Painting is an illusion

December 15, 2000

Rembrandt's celebrated painting, The Anatomy of Dr Deijman , has been revealed as a piece of science fiction, writes Tanya Reed.

The 1656 painting, on display at the Hayward Gallery, London as part of the Spectacular Bodies exhibition, shows anatomist Dr Deijman and his assistant dissecting the brain of a man whose abdominal cavity is also exposed.

To reconstruct the scene, Laurence Garey, professor of anatomy at Imperial College, London, and William Schupbach, from the Wellcome Library for the History and Understanding of Medicine, worked on an embalmed cadaver in one of the college's anatomy dissecting rooms.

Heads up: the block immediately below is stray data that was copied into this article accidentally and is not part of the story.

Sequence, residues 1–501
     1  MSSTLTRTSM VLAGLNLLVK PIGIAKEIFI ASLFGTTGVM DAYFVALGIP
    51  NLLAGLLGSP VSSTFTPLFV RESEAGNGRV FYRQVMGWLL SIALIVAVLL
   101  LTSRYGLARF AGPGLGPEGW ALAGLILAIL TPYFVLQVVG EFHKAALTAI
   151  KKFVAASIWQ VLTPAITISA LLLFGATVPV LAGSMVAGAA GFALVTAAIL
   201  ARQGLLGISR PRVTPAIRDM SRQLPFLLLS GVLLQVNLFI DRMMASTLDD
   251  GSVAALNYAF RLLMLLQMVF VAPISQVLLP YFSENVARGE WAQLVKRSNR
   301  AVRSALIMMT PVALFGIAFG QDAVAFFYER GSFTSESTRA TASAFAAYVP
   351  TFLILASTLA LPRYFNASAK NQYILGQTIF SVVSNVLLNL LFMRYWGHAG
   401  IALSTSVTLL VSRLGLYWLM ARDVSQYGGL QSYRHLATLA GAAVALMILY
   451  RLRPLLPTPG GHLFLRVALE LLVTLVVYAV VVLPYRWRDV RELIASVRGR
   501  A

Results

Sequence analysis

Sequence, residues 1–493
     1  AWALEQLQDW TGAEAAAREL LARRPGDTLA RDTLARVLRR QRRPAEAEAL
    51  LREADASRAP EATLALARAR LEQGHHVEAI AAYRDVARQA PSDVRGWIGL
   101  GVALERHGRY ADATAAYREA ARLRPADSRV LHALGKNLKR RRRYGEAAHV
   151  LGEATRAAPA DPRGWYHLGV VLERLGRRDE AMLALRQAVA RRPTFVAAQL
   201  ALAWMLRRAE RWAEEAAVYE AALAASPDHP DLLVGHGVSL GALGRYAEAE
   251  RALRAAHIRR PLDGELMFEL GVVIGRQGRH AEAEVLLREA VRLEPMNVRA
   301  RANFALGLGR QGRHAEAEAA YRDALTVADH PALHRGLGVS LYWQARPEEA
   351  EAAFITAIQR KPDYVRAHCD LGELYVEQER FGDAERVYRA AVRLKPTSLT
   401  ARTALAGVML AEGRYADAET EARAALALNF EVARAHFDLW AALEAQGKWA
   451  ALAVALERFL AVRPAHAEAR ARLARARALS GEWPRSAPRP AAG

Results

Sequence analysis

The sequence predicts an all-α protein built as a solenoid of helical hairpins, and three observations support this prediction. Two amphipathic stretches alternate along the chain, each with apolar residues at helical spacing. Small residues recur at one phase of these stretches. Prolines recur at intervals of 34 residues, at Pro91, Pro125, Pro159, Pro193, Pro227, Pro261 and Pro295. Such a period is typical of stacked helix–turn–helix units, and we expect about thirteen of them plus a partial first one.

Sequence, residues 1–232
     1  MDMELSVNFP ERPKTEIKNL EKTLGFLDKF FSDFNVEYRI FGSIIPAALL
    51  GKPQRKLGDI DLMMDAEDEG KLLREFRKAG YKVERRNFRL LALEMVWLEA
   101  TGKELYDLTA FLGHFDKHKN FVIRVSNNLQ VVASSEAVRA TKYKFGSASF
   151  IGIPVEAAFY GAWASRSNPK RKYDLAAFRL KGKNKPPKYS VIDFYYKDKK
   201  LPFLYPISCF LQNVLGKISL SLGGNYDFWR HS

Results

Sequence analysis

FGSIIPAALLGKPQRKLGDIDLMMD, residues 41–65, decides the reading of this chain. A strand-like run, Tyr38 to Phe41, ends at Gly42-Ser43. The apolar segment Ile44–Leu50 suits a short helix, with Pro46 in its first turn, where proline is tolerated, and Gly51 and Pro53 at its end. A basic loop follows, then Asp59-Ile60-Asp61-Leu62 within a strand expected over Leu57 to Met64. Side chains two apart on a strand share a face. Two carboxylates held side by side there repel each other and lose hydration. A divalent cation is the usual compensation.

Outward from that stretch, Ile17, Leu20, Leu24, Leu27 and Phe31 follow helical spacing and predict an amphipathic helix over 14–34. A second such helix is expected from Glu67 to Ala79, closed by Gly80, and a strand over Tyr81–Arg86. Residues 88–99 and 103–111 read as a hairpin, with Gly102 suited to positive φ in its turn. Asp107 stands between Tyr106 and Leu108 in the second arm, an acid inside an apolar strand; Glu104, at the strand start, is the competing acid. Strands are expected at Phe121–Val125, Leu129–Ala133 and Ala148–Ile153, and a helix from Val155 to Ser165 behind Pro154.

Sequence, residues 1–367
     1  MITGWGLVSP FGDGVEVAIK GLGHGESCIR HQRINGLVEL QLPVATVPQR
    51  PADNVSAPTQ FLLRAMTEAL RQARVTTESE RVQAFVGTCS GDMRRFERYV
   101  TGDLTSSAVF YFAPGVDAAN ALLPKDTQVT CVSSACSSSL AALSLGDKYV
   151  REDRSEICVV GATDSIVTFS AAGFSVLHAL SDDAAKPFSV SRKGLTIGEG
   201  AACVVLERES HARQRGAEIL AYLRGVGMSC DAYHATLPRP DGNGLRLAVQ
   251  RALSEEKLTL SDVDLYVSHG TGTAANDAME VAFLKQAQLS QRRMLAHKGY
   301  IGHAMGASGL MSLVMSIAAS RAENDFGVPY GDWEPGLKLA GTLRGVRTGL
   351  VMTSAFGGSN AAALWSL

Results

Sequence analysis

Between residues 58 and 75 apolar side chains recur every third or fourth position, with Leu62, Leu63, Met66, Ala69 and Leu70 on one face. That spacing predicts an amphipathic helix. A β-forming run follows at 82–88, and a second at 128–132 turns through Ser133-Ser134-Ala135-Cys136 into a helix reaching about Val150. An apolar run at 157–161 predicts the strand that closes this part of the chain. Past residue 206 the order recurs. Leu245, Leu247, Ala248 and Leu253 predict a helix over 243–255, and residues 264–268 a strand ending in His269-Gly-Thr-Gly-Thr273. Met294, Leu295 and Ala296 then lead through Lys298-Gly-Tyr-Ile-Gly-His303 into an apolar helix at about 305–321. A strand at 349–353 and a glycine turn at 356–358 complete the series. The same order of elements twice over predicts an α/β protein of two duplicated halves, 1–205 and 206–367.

They found Rembrandt had eliminated at least a cubic metre of space between the patient's head and feet while the anatomist holding the falx - the membrane separating the brain's two hemispheres - had twisted it to face the audience and made it appear attached.

While the work looks completely natural, Professor Garey said what was portrayed was physically impossible.

"Rembrandt used enormous creative licence," he said.

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